Rainforest destruction becomes industry-driven, concentrated geographically.
So we are preparing for two tracks. The first is to include emissions and possibly standing forests under the REDD mechanism. If that doesn't work, then what we need is a separate and parallel way of paying for these standing forests and I think ecosystem services is it. Ten years from now there may be a completely separate regulatory mechanism for that. And you know what? It might not be based on carbon, because there is much more to forests than carbon. It's about living carbon. The UNFCC deals in dead carbon. What comes out of the back of your car or your factory is dead carbon. Carbon capture projects which are designed to take CO2 out of the atmosphere from a big power plant, liquefy it, and store it underground at forty dollars a ton. That is dead carbon; it doesn't give you any co-benefits. You store a ton of carbon in the rainforest and you get massive co-benefits and you help alleviate poverty amongst the poor. The market may differentiate between living carbon and dead carbon in the future. But I think it could also become a market for ecosystem services because the standing forests provide so much for the world. So in the future I can see markets developing in that area and that is what we are trying to jump start with the Canopy Capital deal in Iwokrama.

Mongabay: How will this work in places where conditions aren't as ideal as in Iwokrama, say Cameroon or Indonesia. Are you looking at a "forest index" as a solution?

Andrew Mitchell: Well, what are the conditions which will drive capital to the canopy for standing forests? Markets basically move on fear and greed. The fear factor is rising. By doing nothing, my costs may rise. I might get more hurricanes hitting Florida if I don't try to fix this problem. That is a major incentive for the insurance industry to take account of environmental change. This is the fear motivation. As for greed, maybe I'm going to make a buck if I invest in these things. These two things are rising. You need regulatory mechanisms to drive the money. REDD is an example of that. We one day may have a regulatory mechanism for ecosystem services that would drive capital. GCP will be releasing a paper on this shortly entitled 'Think PINC', which stands for Proactively Investing in Natural Capital, to catalyze some thinking on this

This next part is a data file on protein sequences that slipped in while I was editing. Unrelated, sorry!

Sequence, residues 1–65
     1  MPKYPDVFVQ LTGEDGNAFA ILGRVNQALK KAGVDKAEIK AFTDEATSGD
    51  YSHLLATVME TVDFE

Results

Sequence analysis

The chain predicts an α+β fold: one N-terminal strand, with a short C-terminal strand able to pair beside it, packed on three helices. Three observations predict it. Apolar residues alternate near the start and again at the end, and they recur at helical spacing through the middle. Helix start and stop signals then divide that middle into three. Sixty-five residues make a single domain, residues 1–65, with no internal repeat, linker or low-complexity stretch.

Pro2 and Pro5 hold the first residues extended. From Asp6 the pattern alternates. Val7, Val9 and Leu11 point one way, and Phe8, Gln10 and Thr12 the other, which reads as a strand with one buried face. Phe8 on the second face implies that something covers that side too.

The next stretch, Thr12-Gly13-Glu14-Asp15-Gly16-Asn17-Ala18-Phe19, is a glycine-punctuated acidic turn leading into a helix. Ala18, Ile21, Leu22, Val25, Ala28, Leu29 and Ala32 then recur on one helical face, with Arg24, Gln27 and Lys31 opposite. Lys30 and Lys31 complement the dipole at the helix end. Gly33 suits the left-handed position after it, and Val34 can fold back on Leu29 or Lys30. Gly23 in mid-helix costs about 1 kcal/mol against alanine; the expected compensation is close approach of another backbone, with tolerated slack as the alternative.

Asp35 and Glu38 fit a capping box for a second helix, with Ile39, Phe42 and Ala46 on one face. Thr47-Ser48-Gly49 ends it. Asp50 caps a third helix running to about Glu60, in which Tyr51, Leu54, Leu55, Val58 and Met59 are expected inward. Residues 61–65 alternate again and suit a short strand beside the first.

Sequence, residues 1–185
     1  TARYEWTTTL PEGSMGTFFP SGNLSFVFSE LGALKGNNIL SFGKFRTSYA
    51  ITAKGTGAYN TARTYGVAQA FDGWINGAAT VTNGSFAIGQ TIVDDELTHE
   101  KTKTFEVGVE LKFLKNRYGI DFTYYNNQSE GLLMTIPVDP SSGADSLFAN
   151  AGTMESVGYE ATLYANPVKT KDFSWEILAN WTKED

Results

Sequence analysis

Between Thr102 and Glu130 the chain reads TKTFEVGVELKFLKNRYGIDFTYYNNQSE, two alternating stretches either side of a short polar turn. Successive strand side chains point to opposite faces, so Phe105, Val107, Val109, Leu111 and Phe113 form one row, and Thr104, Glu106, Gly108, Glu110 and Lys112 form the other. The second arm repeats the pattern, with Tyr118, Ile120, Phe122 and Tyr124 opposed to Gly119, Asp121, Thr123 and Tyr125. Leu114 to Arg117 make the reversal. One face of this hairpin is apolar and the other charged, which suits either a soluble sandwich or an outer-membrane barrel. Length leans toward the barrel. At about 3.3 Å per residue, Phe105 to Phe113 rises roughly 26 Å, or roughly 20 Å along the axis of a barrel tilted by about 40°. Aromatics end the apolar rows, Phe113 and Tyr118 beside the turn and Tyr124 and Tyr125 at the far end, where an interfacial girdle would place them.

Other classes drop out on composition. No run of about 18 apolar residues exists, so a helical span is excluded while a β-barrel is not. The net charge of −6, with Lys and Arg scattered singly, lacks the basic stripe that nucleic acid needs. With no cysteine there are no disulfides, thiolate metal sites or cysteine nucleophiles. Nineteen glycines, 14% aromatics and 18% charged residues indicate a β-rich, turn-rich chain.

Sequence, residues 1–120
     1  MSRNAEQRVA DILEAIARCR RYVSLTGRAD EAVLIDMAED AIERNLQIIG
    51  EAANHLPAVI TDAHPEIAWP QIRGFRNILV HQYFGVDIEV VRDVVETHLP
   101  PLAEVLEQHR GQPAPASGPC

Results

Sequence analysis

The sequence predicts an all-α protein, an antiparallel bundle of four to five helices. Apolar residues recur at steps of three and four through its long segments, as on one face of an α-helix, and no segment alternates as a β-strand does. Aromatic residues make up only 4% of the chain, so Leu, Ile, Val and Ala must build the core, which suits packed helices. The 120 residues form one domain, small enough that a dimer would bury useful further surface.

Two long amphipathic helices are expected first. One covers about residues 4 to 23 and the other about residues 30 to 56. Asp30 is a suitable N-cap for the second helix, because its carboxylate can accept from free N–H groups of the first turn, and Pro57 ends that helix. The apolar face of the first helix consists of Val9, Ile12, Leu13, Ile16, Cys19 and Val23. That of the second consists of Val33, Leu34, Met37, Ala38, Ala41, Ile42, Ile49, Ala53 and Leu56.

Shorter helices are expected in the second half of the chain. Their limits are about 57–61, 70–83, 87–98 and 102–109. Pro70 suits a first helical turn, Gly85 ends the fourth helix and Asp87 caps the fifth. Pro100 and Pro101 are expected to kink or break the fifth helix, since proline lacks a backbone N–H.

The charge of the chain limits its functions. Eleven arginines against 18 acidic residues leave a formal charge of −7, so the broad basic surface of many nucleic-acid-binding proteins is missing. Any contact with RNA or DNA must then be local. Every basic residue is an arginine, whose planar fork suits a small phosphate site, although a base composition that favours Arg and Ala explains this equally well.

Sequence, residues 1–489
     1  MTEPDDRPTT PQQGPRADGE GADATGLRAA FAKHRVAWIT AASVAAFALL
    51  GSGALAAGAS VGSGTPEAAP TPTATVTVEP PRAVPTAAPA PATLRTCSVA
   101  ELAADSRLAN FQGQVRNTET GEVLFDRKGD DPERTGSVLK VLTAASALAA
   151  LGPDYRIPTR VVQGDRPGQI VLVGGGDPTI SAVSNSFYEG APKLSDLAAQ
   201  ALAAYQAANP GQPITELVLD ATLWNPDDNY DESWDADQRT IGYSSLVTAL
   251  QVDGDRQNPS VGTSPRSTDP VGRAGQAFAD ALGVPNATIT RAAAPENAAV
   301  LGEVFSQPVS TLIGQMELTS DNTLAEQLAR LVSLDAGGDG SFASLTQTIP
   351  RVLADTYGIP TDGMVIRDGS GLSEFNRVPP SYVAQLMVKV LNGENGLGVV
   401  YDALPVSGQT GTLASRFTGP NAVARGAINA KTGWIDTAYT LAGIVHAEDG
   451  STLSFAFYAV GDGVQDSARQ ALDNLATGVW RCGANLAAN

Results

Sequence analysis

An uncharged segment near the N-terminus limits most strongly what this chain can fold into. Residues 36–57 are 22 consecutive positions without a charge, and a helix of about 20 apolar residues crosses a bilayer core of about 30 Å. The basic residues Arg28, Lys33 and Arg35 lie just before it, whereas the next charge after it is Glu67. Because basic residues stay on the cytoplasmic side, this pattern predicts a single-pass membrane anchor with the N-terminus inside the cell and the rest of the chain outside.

Charlotte Streck of Climate Focus - convenor of the 2 day International REDD Roundtable in Brussels - and Jeff Horowitz of Avoided Deforestation Partners join GCP Director Andrew Mitchell to sign the Forests Now Declaration.
Another major barrier that needs to be overcome is: "Who owns the assets? Who owns the forests?" Right now a majority of forests are publicly owned by government. Whilst that may be challenged by communities, this is the current situation. So governments that have good governance will attract business but the land rights issue is a big problem and something that really needs to be dealt with. It is in the communities own interest to do that. There needs to be some mechanism of figuring out who owns what, because most of this is not written down. So therefore community mapping programs and things like that are a good way to do it. The concept of shared ownership is another way to get them to pool together in this process. The community can share in a business that grows and there is equitable benefits sharing.

Another thing is that fund managers need to know where to put their money and at GCP we are looking at creating a forest index as a way to address this need. This forest index would work a bit like the FTSE4Good, which we have in London, which is a way for managers to look at businesses that are doing the right thing rather than the wrong thing. What we're after is similar to ethical investment criteria applied to forests.